As demonstrated by San Francisco's recent adoption of instant runoff voting and New York City's recent expansion of its program for funding candidates for municipal office, local governments around the country have been actively engaged in examining and revising electoral and governmental processes. These local initiatives include alternative voting systems, campaign finance reforms, conflicts of interest codes, term limits, and revisions to tax, budget and legislative procedures. These local innovations illustrate both the capacity of local governments to restructure basic features of their political organization and their interest in doing so. Local political innovations also test the scope of local legal authority under home rule. Local innovation may be challenged as either unauthorized by state law or, more commonly, as inconsistent with and thus preempted by state laws governing local structure and elections. This paper examines local political innovations, their reception in state courts and the implications for home rule and political reform more generally. It finds that to a considerable degree state courts have upheld local innovations either by recognizing the dominant local interest in questions of local government structure or by determining that state laws do not preclude local departures from state-prescribed models. These political innovation cases suggest techniques that may be used to expand local legal autonomy. More generally, local political innovations show localities – as well as, if not more than, states – can be laboratories of democracy. A significant benefit of local freedom to innovate under home rule can be the local introduction and testing of political reforms than can national benefits.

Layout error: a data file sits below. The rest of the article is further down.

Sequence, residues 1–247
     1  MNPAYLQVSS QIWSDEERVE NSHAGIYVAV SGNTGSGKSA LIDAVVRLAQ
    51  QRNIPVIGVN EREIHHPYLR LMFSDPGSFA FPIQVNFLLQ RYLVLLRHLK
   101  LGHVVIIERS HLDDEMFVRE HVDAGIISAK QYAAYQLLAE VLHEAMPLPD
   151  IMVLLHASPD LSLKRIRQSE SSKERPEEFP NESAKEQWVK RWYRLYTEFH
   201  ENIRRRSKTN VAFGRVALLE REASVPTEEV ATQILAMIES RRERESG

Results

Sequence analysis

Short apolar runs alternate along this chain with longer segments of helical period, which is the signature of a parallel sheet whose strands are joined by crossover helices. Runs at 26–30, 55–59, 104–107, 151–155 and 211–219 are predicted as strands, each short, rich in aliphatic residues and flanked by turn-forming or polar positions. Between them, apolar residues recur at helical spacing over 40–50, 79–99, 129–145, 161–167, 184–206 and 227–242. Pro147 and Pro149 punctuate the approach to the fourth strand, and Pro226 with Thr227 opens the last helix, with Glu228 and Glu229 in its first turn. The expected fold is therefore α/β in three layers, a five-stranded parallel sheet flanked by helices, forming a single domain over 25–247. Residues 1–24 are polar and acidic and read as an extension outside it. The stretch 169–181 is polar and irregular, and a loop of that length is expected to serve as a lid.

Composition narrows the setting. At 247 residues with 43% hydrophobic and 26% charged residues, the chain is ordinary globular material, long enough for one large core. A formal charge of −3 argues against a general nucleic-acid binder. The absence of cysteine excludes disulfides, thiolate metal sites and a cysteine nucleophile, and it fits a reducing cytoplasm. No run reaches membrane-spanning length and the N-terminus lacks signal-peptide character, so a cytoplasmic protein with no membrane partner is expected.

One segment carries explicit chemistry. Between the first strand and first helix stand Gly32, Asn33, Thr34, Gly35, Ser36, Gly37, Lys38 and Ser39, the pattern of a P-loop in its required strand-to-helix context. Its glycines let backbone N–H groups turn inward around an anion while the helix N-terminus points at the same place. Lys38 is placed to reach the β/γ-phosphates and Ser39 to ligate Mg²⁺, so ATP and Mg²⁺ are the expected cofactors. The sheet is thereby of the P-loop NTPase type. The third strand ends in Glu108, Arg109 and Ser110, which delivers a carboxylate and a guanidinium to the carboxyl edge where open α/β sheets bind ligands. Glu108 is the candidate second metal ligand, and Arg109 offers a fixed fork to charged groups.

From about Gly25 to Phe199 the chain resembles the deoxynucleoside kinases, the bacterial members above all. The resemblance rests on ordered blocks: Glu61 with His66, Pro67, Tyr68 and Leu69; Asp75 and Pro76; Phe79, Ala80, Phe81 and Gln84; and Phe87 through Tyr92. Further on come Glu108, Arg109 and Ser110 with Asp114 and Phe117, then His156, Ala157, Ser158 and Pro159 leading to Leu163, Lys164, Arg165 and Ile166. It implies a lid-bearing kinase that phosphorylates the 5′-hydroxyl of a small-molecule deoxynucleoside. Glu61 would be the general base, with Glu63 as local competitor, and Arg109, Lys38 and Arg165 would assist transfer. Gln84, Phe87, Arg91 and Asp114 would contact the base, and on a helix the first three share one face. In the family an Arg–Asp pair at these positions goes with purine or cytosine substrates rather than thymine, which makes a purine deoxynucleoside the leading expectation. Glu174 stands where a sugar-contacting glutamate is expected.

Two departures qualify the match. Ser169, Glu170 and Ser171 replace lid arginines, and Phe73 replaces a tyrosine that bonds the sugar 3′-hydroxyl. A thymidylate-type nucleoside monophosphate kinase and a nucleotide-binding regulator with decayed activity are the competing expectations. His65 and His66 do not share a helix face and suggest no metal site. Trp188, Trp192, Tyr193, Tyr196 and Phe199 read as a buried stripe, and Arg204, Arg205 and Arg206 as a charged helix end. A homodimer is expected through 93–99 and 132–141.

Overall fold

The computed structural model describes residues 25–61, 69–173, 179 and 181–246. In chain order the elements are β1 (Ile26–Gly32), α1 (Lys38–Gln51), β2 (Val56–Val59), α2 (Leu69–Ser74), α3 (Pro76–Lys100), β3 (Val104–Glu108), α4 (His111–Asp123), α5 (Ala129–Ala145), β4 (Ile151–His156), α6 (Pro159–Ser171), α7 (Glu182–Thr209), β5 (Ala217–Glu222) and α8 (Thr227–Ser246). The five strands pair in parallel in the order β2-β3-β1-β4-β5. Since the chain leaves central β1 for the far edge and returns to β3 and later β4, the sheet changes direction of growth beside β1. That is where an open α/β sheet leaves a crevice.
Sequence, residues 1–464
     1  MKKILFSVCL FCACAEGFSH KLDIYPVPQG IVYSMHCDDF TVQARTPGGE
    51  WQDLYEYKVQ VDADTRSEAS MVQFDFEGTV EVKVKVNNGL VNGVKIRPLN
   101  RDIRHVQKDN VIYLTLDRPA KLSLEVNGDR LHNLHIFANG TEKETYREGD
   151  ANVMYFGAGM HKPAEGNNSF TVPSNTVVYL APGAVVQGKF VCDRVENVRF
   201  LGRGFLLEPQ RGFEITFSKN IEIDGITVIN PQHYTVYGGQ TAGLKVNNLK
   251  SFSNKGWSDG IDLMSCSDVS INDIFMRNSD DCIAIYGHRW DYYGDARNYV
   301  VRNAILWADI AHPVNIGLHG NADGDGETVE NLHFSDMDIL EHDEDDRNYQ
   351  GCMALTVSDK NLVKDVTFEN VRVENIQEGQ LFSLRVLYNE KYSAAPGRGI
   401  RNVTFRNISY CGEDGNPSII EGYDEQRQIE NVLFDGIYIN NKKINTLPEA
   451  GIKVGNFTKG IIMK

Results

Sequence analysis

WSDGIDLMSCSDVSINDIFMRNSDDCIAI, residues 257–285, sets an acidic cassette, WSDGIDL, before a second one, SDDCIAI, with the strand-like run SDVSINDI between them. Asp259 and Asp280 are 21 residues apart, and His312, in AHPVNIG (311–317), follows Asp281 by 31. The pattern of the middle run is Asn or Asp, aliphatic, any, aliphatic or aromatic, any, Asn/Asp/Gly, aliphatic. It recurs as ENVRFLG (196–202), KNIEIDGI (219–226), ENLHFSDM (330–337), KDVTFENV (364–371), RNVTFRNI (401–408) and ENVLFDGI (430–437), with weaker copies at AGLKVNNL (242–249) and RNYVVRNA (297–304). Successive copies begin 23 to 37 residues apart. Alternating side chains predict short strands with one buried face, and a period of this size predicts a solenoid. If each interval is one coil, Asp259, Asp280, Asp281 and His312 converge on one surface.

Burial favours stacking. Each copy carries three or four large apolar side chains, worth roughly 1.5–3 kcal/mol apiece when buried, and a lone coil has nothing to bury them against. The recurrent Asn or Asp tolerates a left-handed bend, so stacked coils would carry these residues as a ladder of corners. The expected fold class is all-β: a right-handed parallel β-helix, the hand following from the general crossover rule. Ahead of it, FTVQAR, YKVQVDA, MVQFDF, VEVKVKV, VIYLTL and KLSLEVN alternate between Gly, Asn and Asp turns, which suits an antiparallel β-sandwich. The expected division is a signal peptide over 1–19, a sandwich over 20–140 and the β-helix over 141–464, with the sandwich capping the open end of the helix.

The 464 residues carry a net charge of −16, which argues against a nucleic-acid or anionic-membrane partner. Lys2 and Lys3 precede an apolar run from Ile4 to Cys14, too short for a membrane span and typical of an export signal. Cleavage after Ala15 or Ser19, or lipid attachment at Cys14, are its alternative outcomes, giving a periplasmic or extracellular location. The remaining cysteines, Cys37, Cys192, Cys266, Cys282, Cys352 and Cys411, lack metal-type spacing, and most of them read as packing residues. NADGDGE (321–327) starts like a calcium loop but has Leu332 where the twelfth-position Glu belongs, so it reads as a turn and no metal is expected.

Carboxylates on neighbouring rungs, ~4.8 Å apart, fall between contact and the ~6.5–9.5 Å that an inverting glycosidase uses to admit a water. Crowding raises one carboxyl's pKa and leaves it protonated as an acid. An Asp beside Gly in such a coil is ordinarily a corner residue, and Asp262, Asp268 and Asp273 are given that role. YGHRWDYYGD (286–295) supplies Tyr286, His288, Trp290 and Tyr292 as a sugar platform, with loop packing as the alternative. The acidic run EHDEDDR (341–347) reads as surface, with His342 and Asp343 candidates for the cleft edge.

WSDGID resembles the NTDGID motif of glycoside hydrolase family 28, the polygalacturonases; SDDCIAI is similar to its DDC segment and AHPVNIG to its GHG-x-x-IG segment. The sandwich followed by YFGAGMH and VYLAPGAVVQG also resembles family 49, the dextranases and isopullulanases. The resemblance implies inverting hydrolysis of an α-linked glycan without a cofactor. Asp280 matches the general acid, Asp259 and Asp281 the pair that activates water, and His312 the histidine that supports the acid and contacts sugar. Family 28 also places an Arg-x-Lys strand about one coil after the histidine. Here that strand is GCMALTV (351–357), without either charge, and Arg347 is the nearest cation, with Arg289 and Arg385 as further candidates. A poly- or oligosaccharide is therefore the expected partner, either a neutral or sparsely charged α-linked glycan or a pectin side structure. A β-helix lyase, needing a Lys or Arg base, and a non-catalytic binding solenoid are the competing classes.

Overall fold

Home Rule and Local Political Innovation,
Journal of Law & Politics, Vol. 22, p. 1, 2006; Princeton Law & Public Affairs Working Paper No. 06-012; Columbia Public Law Research Paper No. 06-107
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